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Hoppered HAMP Instructions

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Hoppered HAMPs are manually driven, semi-automatic blasters that can be easily built with minimal tools for under $20. The power is partly a function of how hard you pull the plunger, so you can only use as much power as you need. As described here, a casual stroke will fire a 1 gram dart ~150 fps and a very hard stroke ~200 fps, but longer or shorter barrels can be used to increase or decrease the power of these sort of blasters. 

This is a replacement for this old writeup with dead pictures.
If you plan on using standard Nerf darts, you can follow the simpler instructions for the singled HAMP, which is not semi-automatic, but can be used as an impressive Nerf shotgun. 

This video shows a slightly different design with 3d printed brackets, but it is functionally identical to the version described here.

Hoppered HAMP


These instructions mostly explain how to make these for special hopper-friendly nerf-like ammo that is difficult for many people to make or obtain. However they can be used to produce a semi-automatic marshmallow shotgun that uses extremely cheap and ubiquitous mini-marshmallows. There are some additional things you should know if you are going to do this that are explained at the end of the instructions.



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PreAssembly
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1stTape
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Crooked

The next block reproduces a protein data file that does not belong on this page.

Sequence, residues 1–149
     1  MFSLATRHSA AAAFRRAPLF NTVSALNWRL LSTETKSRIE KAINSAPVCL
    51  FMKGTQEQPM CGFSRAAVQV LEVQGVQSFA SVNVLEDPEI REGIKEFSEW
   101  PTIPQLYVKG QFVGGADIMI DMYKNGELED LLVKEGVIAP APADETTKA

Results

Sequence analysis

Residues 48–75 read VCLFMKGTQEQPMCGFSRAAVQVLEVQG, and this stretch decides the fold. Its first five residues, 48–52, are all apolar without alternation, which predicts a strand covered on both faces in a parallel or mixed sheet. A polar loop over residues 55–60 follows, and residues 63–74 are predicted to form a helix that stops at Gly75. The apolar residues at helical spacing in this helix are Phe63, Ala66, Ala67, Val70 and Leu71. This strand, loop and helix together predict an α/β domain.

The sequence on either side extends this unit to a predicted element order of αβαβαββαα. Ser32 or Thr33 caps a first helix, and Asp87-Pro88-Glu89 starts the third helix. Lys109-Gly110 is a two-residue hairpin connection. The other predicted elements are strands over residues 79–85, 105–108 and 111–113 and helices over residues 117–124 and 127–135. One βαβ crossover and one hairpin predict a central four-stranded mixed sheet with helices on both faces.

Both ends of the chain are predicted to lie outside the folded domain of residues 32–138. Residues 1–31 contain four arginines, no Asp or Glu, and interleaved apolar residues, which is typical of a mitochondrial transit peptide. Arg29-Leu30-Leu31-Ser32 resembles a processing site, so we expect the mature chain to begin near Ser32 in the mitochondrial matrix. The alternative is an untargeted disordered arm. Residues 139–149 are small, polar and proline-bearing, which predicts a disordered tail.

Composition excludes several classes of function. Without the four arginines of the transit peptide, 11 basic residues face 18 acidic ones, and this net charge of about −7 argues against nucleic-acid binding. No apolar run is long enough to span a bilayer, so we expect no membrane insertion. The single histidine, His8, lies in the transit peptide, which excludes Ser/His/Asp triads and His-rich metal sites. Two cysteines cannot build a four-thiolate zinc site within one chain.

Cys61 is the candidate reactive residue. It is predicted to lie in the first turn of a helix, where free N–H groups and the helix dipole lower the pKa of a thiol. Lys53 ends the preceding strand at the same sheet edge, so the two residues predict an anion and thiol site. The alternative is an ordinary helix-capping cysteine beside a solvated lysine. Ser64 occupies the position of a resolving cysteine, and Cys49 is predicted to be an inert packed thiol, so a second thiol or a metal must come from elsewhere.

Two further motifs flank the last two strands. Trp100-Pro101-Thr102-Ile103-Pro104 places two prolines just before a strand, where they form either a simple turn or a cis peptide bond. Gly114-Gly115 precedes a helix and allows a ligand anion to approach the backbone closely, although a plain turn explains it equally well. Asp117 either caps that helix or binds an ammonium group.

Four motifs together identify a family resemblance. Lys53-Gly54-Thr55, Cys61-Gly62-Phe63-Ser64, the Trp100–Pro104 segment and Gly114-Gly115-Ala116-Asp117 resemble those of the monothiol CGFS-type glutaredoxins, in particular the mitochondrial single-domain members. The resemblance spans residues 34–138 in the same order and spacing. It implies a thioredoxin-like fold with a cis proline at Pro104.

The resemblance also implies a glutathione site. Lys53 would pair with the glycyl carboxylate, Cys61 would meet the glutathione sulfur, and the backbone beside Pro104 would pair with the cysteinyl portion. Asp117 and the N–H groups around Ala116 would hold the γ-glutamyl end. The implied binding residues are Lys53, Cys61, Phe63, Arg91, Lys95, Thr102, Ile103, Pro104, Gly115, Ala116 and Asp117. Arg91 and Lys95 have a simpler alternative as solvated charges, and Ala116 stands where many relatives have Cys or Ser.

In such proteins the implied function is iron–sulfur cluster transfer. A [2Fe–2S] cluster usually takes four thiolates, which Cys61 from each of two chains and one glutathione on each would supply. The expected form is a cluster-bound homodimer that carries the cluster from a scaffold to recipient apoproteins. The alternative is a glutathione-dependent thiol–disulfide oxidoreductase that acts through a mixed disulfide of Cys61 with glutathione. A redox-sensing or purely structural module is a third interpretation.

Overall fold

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Straight(er)
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MoreStuffing
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Stuffed+Glued
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ExtraTape
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SlidingStuffing
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If you're going to use these for marshmallows, there are a few differences in design and operation.
-If they get too melty they will get unremovable gook all over your barrel that will prevent it from working again.
-If they get too cold, they will be much less soft, which leads to both more target pain and fewer projectiles fed per shot.
-Stale marshmallows act like cold marshmallows. They get stale fast.
-You CAN use an easy-to-find Tee fitting instead of the wye fitting. 
-Use 1/2" Thinwall pipe for the magazine. It should have an ID of nearly 3/4", but still fit in 1/2" pvc fittings.
-If you can't get 1/2" thinwall pipe, try to find something with close to 3/4" ID, and just improvise at the coupler point. Probably lots of duct tape, and you will have to reload from the cap.
-Try sch40 1/2" PVC if you feel the barrel is too tight for your marshmallows. Sch80 is usually good for most mini-marshmallows.
-If the marshmallows aren't feeding enough, you can use a follower. For example, a 4" long stick 1/2" round of nylon cannot reasonably be forced through the wye, but will push on the marshmallows in the magazine if placed on top of them. This makes reloading more of a hassle, but will usually result in more reliable and impressive blasts of marshmallows. Just make absolutely sure that the follower can't be fired.
-The amount of marshmallows fired in such a short amount of time can make cleanup taxing, depending on the environment. Ideally find a place where they can all be swept up, or a place where they don't need to be removed from. 

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